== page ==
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About NUI Galway
About NUI Galway
Since 1845, NUI Galway has been sharing the highest quality teaching and research with Ireland and the world. Find out what makes our University so special – from our distinguished history to the latest news and campus developments.
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Colleges & Schools
NUI Galway has earned international recognition as a research-led university with a commitment to top quality teaching across a range of key areas of expertise.
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At NUI Galway, we believe that the best learning takes place when you apply what you learn in a real world context. That's why many of our courses include work placements or community projects.
Former Intel Boss Speaks at NUI Galway
Tuesday, 16 November 2010
Former Intel Boss Tells NUI Galway Audience 3% Investment of Ireland's GDP into Research No Longer Reasonable Target The former chief executive of Intel has called for increased investment from the government into research and development projects. Speaking at the 'Education for Innovation' seminar in NUI Galway, Dr Craig Barrett said a sustained plan of funding needed to be implemented if Ireland wishes to keep up with the world's larger and more business savvy nations. "We cannot jerk around with the R&D policies of our Government and expect to get good results," said Dr Barrett. "It needs to be a sustained commitment. Why can't we have a Silicon Valley in our own country? What is it about society that makes that work? Universities are the key and they are wonderful spots to create wonderful ideas. Smart people and smart ideas combined in the right environment can create wealth. "There has got to be a synergy between the public and private sectors. We have got to see our private sectors involved with the universities. They have the great ideas. We need to see them acting as mentors and partners in research. It is vital," he said. The former Intel boss is in Ireland this week in his role as Chairman of the Irish Technology Leadership Group, and was keynote speaker at an event at NUI Galway. His address was followed by a discussion panel with John Ryan, Macrovision; Professor Patrick Cunningham, Ireland's Chief Scientific Advisor; Tom McDermott, Georgia Tech Research Institute; Dr Martina Newell-McGloughlin, ITLG and University of California; and Professor Terry Smith, Vice President of Research at NUI Galway. Prior to his keynote address, Dr Barrett met with representatives of NUI Galway's leading research institutes The Digital Enterprise Research Institute (DERI) and the National Centre for Biomedical Engineering Science (NCBES) two major research groups: REMEDI and MDRG as well as University of Limerick's Research Centres, LERO and the Materials and Surface Science Institute (MSSI) plus Georgia Tech Ireland. The Digital Enterprise Research Institute (DERI) is the world leader in Semantic Web (Web 3.0) research. At today's event DERI showcased a portfolio of over 25 of the latest cutting edge technologies emerging from the institute. REMEDI is a leading biomedical research centre focusing on gene therapy and stem cell research. REMEDI were joined by industry partner Ovagen who are working with the institute to develop technologies for the production of novel biotherapeutics. The Molecular Diagnostics Research Group (MDRG) at NUI Galway has 20 years experience and an international track record of achievement in the development and application of molecular diagnostics tests for microbial species identification. The MDRG were joined by research partners at Beckman Coulter Ireland with whom they are developing molecular diagnostics for clinically relevant bacterial and fungal pathogens. Each year the ITLG leads a delegation of Silicon Valley technologists and venture capitalists to Ireland to support high potential emerging technology companies from the island of Ireland. This year's events are held in partnership with NUI Galway, University of Limerick and Shannon Development. As part of his key note address, Dr Barrett also claimed that a three percent investment of Ireland's GDP into research and development "is no longer a reasonable target and that we "have now to compete with the rest of the world to get paid". "Look at Microsoft," he said. "They have a research budget of approximately $8 billion per year. That is huge, and is more than all of Ireland spends in R&D. Israel now invests five percent of its GDP into research and development. And Israel has 140 new companies listed on the NASDAQ. Europe only has between 30 and 40. That is the future for Ireland and if we fail to pursue it with vigour, passion and resources, there will be no future for us because our lunch will be eaten by somebody else. We must outsmart them and outthink them," said Dr Barrett. -Ends-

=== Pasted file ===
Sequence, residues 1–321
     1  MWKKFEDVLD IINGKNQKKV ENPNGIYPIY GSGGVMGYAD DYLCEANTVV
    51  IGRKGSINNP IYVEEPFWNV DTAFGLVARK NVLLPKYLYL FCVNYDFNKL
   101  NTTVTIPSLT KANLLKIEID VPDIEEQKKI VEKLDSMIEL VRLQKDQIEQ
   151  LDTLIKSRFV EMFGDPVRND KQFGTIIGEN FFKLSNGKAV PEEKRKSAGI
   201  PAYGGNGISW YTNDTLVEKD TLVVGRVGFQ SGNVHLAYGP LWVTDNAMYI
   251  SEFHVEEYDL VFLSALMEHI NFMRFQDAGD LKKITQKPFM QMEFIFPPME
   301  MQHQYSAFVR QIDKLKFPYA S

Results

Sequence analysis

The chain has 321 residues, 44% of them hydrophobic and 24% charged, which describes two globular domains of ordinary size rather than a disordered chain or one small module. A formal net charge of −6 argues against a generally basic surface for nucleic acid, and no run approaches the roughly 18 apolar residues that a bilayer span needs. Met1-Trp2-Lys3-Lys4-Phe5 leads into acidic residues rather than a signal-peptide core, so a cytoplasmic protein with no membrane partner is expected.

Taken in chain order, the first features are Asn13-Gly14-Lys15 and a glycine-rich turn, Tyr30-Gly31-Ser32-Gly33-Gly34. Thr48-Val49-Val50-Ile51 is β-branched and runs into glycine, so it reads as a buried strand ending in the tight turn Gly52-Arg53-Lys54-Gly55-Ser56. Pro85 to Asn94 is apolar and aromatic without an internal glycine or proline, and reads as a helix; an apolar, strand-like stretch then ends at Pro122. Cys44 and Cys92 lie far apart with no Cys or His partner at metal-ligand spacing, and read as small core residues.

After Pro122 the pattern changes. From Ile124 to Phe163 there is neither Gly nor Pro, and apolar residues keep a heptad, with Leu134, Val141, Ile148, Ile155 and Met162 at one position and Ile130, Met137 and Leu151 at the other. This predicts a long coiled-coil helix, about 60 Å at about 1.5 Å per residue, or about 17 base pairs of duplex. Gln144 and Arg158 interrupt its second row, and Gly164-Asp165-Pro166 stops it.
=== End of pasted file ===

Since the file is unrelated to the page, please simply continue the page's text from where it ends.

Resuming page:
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NUI Galway Researchers take part in European Osteoarthritis Project
Monday, 15 November 2010